We turn to chopsticks for leveling measuring cups, snatching tempura from hot oil, tossing stir- fries, getting the last of the coffee grinds from the grinder, scraping purees from the bottom of a blender jar, re-emulsifying vinaigrettes just prior to serving, stirring liquid into dry ingredients, drying rinsed-out resealable plastic bags when plunked in a pint glass and a number of other things that just seem right to us at the time, including whapping errant hands that get in our way.
INGREDIENT | Hoja Santa Leaves
A heart-shaped, dinner plate-sized leaf is making its way onto restaurant tables in downtown Washington.
The large, tender leaf of the hoja santa plant, native to Mexico, is traditionally used as a wrapper, much as one might use a corn husk or a banana leaf. It imparts a subtle though curious flavor that is easily discerned but not so easily described.
At Cashion's Eat Place in Adams-Morgan, chef John Manolatos says it has a eucalyptus-like tang. He uses the leaves as a buffer from the flames for grilled shrimp or as a moisture-trapping component for chunks of beef shoulder braised with bananas, jicama, corn and red chilis.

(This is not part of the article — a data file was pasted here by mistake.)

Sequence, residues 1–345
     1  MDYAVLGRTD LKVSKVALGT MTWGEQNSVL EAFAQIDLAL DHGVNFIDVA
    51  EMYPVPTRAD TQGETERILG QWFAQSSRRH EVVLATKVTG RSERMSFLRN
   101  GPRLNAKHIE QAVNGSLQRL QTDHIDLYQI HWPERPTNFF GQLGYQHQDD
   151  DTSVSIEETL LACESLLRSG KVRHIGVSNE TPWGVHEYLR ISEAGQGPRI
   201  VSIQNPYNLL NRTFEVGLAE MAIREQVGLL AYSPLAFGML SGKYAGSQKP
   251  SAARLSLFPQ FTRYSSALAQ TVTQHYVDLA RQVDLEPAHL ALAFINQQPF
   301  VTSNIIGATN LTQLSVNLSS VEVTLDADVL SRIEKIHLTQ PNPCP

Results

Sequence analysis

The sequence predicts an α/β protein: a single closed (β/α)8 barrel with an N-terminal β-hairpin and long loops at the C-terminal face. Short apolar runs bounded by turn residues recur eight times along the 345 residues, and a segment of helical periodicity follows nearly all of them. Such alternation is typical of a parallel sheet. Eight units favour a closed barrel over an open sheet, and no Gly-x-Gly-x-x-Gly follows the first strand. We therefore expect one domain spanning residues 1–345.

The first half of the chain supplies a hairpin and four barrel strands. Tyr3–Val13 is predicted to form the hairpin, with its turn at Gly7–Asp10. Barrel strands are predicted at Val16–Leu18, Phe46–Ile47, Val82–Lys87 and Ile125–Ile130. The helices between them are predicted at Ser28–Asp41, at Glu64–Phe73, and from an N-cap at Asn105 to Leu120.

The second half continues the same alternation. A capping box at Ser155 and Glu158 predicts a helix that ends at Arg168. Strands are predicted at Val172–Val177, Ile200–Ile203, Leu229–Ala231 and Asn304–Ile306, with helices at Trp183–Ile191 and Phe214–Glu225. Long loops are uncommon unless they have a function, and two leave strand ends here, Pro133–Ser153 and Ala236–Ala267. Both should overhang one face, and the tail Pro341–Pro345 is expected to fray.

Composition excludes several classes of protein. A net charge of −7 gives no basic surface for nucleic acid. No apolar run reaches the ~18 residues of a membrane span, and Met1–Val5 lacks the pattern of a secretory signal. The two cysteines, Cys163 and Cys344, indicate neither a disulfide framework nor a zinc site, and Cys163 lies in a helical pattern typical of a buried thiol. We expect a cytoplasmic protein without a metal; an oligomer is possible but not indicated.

Chef Mark Hellyar of Restaurant Nora describes the hoja santa effect as more aromatic than flavorful. In his halibut wrapped in hoja santa leaves served with a Veracruz sauce, though, he does detect a slight hit of tarragon. Or was that a basil burn?
And at Mendocino Grille, the leaves make a fashion statement as a "lay down" on the cheese plate. (Chef Drew Trautman deems it to be a hint of mint.)
The beguiling leaves are are grown locally by Michael Pappas, owner of Eco Farms in Lanham. Pappas describes the flavor as a subtle sassafrass smack and prefers to wrap sea scallops in the leaves prior to steaming.
The leaves are available for $1.50 at Takoma Park Silver Spring Co-op (201 Ethan Allen Ave., Takoma Park; call 301-891-2667).
The Ancient Five-Second Rule
"Food that fell to the floor during a meal was believed to belong to the gods, and it was considered bad luck to sweep it up during dinner. The ancient Romans even decorated their dining room floors with mosaics depicting realistic-looking scraps of fallen food."
-- From "The Philosopher's Kitchen: Recipes From Ancient
Greece and Rome for the Modern Cook," by Francine Segan
(Random House, 2004)
Just before serving a cold soup, always taste it to make sure there's enough salt. A soup that seems properly seasoned when it's hot can be bland when tasted cold. The cold deadens our taste buds. Many cold soups also benefit from a last-minute addition of vinegar, lemon juice or lime juice.
From "A Year in a Vegetarian Kitchen," by Jack Bishop (Houghton Mifflin, 2004)
THURSDAY: South African wine dinner at the Bailiwick Inn. $99 in advance excludes tax and tip. 7-10:30 p.m. 4023 Chain Bridge Rd., Fairfax. Call 703-691-2266
TUESDAY: Tour de France wine dinner at Bistro 123. $69 excludes tax and tip. 7 p.m. 246 Maple Ave. East (Rt. 123), Vienna. Call 703-938-4379.